The spelling and overall form of Irish names tend to vary widely over time. The original Gaelic form of the name Doelittle is O Dubhlachta. Dubh, the first portion of this name, means black, while the second portion is likely derived from some obsolete Irish forename.
Early Origins of the Doelittle family
The surname Doelittle was first found in County Clare
(Irish: An Clár) located on the west coast of Ireland
in the province of Munster
, where they held a family seat
from very ancient times.
Early History of the Doelittle family
This web page shows only a small excerpt of our Doelittle research.Another 123 words (9 lines of text) covering the years 1172 and 1719 are included under the topic Early Doelittle History in all our PDF Extended History products and printed products wherever possible.
Doelittle Spelling Variations
Irish names recorded during the Middle Ages are characterized by many spelling variations
. This preponderance of variations for common names can be explained by the fact that the scribes and church officials that kept records during that period individually decided how to capture one's name. These recorders primarily based their decisions on how the name was pronounced or what it meant. Research into the name Doelittle revealed many variations, including Doolittle, Dolittle, Dulittle, Doelittle and others.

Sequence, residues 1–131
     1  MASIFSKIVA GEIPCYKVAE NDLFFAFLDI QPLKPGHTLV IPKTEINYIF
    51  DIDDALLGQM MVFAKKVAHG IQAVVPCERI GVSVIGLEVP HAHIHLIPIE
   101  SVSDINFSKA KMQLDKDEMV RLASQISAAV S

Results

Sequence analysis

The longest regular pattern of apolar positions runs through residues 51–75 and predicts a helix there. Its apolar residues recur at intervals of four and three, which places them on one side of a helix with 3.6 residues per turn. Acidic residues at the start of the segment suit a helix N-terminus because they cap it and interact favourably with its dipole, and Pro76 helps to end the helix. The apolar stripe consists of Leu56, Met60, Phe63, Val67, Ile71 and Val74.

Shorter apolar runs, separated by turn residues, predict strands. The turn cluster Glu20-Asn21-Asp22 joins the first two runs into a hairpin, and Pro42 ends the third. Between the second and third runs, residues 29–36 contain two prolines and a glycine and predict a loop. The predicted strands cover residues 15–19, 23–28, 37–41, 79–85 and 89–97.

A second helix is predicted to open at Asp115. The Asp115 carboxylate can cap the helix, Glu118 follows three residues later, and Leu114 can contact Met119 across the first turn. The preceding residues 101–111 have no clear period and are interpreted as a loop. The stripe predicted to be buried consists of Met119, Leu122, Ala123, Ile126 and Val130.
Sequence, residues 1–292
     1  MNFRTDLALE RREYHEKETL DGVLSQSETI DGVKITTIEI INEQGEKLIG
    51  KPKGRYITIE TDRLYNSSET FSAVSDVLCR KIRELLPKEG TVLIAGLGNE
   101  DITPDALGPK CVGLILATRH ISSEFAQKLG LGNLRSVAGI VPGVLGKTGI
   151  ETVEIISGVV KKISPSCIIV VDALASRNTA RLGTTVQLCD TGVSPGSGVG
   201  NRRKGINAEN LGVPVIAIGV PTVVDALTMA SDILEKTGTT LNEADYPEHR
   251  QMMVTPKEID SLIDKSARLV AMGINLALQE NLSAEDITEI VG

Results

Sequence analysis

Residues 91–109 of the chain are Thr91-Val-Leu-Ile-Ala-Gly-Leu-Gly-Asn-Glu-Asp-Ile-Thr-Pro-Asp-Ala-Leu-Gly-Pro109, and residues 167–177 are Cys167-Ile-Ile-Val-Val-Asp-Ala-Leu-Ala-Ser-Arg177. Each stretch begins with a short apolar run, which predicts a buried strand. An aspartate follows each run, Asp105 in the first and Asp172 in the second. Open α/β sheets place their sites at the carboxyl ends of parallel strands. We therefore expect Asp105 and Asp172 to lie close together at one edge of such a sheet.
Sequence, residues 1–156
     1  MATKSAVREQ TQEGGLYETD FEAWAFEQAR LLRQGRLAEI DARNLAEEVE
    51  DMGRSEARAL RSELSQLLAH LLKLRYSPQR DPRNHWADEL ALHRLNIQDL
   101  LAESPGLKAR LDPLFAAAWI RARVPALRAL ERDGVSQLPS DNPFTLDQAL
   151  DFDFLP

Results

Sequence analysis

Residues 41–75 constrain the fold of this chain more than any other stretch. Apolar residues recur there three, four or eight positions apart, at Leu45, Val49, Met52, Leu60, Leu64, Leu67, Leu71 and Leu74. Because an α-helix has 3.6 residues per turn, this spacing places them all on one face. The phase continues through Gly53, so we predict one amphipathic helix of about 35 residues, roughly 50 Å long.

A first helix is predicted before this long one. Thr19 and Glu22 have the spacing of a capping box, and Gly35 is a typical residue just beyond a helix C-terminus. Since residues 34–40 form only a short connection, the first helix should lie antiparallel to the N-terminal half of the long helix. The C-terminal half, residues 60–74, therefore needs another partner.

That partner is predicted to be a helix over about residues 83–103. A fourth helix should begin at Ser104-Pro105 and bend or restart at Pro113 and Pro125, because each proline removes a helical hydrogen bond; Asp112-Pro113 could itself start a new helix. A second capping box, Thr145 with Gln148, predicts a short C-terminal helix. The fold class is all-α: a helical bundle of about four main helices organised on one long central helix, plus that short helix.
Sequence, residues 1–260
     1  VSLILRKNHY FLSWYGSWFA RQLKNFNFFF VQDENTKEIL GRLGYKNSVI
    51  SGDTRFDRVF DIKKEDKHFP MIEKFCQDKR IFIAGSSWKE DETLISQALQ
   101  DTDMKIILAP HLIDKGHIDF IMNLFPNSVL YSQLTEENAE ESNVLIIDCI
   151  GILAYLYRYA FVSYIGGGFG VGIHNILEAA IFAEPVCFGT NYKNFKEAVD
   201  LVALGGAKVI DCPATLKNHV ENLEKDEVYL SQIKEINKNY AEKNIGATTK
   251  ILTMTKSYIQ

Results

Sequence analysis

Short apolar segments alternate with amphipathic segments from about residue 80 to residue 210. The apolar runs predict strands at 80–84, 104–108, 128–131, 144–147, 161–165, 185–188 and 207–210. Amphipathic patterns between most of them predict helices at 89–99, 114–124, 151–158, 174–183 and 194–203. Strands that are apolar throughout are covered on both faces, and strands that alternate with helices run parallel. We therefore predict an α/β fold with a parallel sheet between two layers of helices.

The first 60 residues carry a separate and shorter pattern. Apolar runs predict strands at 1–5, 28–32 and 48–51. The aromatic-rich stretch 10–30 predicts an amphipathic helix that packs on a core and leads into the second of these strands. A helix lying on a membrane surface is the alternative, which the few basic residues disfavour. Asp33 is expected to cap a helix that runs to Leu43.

Early Notables of the Doelittle family (pre 1700)
More information is included under the topic Early Doelittle Notables in all our PDF Extended History products
and printed products wherever possible.
Migration of the Doelittle family to the New World and Oceana
Under the rule of England
, land ownership in Ireland
changed dramatically, and many native Irish families
found themselves renting out land to farm from absentee owners. This was one of the prime reasons that immigration to North America began in the late 18th century: Irish farmers dreamed of owning their own parcel of land to work for themselves. At this point, the immigrants were at least of modest means for the passage across the Atlantic was often quite dear. In the 1840s the Great Potato Famine
created an exodus of people of quite different means. These people were most often destitute: they either sold anything they had to gain a passage or they were sponsored by philanthropic societies. Many of these immigrants were sick from disease and starvation: as a result many did not survive the long transatlantic journey. Although those settlers that did survive were often despised and discriminated against by people already established in these nations, they were critical to rapid development of the powerful industrial nations of the United States and the country that would later become known as Canada. An examination of immigration and passenger lists shows many persons bearing the name of Doelittle or one of its variants: John Doolittle of Lynn Massachusetts who settled there in 1643 and became Constable of Boston; Abraham Doolittle who settled in Wallingford and had many children, descendants settled in the town of Northfield Massachusetts and Belchertown New Britain, Connecticut, Winchester Conn. Torrington Conn..